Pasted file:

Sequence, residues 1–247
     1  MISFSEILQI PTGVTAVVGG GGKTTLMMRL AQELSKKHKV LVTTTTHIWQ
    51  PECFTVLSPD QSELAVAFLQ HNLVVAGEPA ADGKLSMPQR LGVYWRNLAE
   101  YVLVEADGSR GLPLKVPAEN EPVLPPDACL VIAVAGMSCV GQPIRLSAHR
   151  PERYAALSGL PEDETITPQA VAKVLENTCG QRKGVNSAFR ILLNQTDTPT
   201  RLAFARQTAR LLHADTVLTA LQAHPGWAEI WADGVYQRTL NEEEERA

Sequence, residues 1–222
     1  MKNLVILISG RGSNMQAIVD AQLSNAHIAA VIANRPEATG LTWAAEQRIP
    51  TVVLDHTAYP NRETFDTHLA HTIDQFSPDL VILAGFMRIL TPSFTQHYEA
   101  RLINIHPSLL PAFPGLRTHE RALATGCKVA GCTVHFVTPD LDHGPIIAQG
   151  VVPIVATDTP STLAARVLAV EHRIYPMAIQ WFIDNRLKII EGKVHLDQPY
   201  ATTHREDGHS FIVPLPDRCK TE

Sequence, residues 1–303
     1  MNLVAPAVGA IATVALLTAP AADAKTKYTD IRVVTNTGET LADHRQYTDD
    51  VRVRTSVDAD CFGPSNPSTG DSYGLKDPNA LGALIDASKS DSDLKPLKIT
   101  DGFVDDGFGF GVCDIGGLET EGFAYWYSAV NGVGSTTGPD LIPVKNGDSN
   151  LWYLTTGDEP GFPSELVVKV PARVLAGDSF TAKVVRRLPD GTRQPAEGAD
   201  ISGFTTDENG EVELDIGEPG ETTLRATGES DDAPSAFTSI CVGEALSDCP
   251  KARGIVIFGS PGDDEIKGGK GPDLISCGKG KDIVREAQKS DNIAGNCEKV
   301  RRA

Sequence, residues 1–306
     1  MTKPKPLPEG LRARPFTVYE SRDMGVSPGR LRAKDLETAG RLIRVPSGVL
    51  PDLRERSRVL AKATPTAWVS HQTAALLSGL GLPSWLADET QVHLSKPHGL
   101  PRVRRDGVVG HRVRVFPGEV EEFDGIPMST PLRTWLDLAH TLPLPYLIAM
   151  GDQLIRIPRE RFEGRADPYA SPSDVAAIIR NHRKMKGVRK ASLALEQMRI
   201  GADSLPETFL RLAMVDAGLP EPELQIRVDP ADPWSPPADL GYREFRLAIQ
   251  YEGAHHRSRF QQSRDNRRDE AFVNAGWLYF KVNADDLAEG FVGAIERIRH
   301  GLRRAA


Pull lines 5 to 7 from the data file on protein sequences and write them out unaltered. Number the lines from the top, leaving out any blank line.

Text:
   151  PERYAALSGL PEDETITPQA VAKVLENTCG QRKGVNSAFR ILLNQTDTPT
   201  RLAFARQTAR LLHADTVLTA LQAHPGWAEI WADGVYQRTL NEEEERA

Sequence, residues 1–222